US Secretary of State John Kerry had five meetings with Chinese President Xi Jinping and other leading officials during his latest visit to China. The unusual arrangement was a sign that this trip was unusual. The two sides reached extensive consensuses on deepening and expanding exchanges and cooperation in crucial areas as well as major international and regions issues, laying fine groundwork for “priority no. 1” of the year for China-US relations – Xi’s U.S. visit scheduled for September.
An outstanding highlight of Kerry’s visit was that the two parties greatly deepened strategic mutual trust, especially that the U.S. side clarified its position on the South China Sea issue, which is conducive to reducing potential misunderstanding and misjudgments between the two parties. Kerry emphasized that the U.S. and China are partners pursuing development together, not strategic rivals. Responding to recent media reports quoting U.S. military sources as saying that the U.S. will dispatch ships and planes to patrol within 12 nautical miles of Chinese isles in the South China Sea, and claiming that that may result in China-U.S. military conflicts, Kerry stated those claims are not U.S. government decisions. He also stated that the U.S. does not take sides on the South China Sea issue, and is not biased toward or against any stakeholder.
A man can’t achieve anything without being credible. The same applies to countries. Negotiating with then Japanese Prime Minister Kakuei Tanaka in 1972 about establishing diplomatic relations between China and Japan, then Chinese Premier Zhou Enlai presented his counterpart the advice, “Be truthful both in words and in deeds”. That has always been an article of creed and “motto” of Chinese diplomacy. Like with all other countries, China has been faithful to its promises in dealing with the U.S., never having done anything that is against its words and harmful to the latter. The US has by and large abode by some of the basic principles of the three joint communiqués on diplomatic relationship, an important basis upon which bilateral ties have generally been stable.
But the U.S. is evidently lacking in credibility. Its words and deeds turned out to be against each other on a number of issues in bilateral ties. Major examples include: President Obama reiterated on many occasions that a strong, stable, prosperous and peacefully developing China means opportunities, not challenges to the U.S., but the Department of Defense has kept mongering the “China threat” in its annual evaluation report on the Chinese military; the joint communiqués stipulated in explicit terms that the bilateral ties were built on the five principles of peaceful co-existence, but the U.S. has persistently interfered with China’s domestic affairs on issues concerning China’s core interests, such as Taiwan, Hong Kong, Tibet, Xinjiang and human rights; the U.S. government has stated on many occasions that it “has no position” and “doesn’t take sides” on territorial disputes in the East and South China Seas, but it has repeatedly eaten its words and presented itself as a biased third party, even encouraging some countries to violate Chinese territorial and sovereign integrity. The U.S. government has repeatedly pledged to lift the embargo on exports of civilian high technologies to China and recognize China’s market economy status, but there has been no follow-up in action. By seriously discrediting itself, the U.S. has made many significant consensuses between the two countries become futile, severely impeded normal progress of bilateral ties.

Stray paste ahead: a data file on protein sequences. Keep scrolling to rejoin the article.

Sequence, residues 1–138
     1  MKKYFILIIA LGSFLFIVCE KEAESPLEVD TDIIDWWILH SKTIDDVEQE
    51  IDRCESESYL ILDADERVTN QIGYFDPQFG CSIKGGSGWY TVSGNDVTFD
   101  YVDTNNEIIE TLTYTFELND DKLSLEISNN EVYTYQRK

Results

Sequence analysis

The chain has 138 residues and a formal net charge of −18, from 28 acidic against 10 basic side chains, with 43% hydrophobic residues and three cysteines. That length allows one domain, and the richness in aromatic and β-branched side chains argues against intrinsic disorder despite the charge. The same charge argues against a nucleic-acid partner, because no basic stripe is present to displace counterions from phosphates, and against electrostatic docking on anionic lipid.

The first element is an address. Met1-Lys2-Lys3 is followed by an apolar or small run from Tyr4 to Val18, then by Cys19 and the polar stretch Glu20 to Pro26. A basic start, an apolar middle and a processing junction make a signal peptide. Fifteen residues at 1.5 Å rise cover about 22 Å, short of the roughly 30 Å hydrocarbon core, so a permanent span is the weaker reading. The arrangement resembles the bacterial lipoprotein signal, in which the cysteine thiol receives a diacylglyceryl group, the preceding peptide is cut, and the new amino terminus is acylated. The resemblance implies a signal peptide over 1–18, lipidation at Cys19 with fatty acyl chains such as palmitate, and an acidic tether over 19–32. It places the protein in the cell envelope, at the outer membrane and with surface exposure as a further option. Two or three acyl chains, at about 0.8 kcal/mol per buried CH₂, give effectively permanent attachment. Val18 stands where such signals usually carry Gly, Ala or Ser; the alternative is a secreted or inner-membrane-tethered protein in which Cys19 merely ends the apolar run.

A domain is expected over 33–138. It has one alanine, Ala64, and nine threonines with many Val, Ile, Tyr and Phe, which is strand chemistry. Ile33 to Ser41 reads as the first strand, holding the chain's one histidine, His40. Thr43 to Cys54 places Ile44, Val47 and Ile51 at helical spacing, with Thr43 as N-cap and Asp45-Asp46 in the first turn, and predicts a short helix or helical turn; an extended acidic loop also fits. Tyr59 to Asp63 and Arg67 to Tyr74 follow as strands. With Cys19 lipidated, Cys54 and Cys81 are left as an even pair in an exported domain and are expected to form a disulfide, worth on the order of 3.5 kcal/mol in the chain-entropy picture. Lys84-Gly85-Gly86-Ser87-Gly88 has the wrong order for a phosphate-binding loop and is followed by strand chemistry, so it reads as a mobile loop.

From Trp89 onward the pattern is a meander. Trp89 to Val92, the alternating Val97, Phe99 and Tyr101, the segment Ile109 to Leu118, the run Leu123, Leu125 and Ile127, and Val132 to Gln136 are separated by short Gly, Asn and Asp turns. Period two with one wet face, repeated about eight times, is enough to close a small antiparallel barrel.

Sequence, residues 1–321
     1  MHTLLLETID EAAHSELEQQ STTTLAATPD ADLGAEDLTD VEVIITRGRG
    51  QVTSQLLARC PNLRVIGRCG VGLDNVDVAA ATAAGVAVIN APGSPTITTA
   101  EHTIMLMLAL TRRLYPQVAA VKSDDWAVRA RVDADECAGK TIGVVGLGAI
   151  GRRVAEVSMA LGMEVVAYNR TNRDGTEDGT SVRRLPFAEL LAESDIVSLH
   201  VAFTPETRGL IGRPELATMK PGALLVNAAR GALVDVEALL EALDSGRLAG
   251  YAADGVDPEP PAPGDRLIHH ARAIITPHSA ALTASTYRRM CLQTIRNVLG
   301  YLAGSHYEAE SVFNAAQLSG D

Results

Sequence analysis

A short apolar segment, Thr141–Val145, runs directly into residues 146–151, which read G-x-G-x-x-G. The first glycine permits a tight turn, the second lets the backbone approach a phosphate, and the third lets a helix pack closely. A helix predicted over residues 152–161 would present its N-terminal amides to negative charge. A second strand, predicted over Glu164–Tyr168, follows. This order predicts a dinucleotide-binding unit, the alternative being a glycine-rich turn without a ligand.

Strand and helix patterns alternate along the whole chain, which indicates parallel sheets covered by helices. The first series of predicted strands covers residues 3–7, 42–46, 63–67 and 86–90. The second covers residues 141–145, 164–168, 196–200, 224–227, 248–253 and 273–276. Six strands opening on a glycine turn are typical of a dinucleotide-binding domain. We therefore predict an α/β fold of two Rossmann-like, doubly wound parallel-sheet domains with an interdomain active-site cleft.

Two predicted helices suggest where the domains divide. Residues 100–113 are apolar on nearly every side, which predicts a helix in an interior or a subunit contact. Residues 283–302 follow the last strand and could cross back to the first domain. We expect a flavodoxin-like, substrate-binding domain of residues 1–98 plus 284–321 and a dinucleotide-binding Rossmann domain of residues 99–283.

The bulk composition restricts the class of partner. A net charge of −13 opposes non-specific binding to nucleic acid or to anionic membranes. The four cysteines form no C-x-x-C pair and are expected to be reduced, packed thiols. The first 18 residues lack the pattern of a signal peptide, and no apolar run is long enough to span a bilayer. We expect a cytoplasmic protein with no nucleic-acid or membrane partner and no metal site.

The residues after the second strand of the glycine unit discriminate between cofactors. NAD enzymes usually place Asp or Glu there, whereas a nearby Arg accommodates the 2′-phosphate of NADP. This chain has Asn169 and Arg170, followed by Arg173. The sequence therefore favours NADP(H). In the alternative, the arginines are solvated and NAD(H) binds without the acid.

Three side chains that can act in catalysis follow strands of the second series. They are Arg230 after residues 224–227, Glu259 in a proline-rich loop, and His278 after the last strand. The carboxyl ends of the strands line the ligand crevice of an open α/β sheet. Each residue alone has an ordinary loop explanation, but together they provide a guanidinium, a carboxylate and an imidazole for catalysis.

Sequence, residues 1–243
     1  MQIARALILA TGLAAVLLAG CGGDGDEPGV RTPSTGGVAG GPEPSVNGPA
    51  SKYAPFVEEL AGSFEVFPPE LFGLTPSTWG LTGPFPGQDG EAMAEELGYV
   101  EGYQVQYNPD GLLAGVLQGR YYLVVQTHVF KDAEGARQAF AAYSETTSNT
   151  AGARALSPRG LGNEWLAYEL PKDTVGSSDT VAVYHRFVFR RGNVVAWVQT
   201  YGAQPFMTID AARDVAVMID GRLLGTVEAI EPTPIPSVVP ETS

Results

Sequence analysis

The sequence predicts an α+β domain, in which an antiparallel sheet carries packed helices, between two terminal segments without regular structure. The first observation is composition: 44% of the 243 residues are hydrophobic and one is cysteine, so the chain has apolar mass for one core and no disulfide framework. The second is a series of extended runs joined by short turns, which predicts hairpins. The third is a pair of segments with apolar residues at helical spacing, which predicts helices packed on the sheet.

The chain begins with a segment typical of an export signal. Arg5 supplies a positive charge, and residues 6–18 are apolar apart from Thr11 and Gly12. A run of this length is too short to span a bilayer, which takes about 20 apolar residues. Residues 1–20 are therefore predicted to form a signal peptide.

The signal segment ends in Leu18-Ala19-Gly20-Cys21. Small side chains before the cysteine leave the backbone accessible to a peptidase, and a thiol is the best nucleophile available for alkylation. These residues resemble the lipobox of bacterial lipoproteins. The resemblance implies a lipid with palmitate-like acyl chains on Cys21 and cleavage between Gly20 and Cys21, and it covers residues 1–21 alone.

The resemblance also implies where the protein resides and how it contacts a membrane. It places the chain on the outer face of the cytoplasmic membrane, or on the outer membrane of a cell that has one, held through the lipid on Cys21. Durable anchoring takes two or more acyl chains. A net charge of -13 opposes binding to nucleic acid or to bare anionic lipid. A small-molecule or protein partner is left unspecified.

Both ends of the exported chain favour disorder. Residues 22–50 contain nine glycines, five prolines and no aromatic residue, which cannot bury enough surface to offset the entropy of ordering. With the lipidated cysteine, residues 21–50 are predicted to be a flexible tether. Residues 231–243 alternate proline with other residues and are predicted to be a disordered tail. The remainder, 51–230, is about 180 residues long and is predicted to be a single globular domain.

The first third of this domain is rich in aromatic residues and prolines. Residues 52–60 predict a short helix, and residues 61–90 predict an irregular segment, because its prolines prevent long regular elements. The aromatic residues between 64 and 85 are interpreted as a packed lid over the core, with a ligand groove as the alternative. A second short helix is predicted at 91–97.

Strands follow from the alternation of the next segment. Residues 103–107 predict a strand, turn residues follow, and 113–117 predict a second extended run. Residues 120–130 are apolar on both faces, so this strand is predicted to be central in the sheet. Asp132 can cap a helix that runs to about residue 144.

The main reason for the U.S.’ low “credit quotient” is the continuous impacts of Cold War thinking. To the U.S., China’s rise has broken two taboos: On one hand, it believes a stronger China will challenge, even take the place of, the U.S. as the sole superpower, and shaken the basis of its dominance in the Asia-Pacific and global hegemony. On the other hand, it believes China’s rise and the expansion of the international influences of its development mode will challenge, even overthrow the capitalism system, on which the U.S. and the West have thrived.
These are pure misgivings and obsolete political stereotypes and biases. China sticks to peaceful development. It has never pursued and will never pursue hegemony or dominance, globally, or regionally. It respects other countries’ voluntary choices of social systems. It doesn’t seek to export its own system or ideology. It advocates harmonious co-existence of different civilizations, including divergent political systems and ideologies. It opposes any form of rivalry, and doesn’t subscribe to conflict of civilizations. China has persistently honored such proposals and commitments with actions. Its truthfulness is known worldwide. U.S. suspicions and biases against China don’t hold water because they are inherently porous. It is precisely because of its ideological prejudices that the U.S. has taken an opportunistic approach to the principles, agreements and consensuses that would otherwise result in win-win outcomes: It adopts the beneficial parts and ignores those it finds constraining. The U.S. thinks this way it can benefit itself and harm competitors. But this is actually very unwise: It harms both parties, because it turns win-win scenarios into lose-lose ones.
Only when both parties are honest and credible can there be mutual trust. Only when there is mutual trust can there be candid exchanges, sincere collaboration, and win-win prospects. This is an indispensable precondition for China and the U.S. to formulate a new-type major-country relationship. We hope the U.S., like China, can avail itself of the historical opportunities of President Obama’s successful China visit in October 2014 and President Xi’s upcoming U.S. visit, cherish the significant fruit of the leaders’ mutual visits, deepen its sense of credit, match its words with deeds, and create a better future for China-U.S. relations.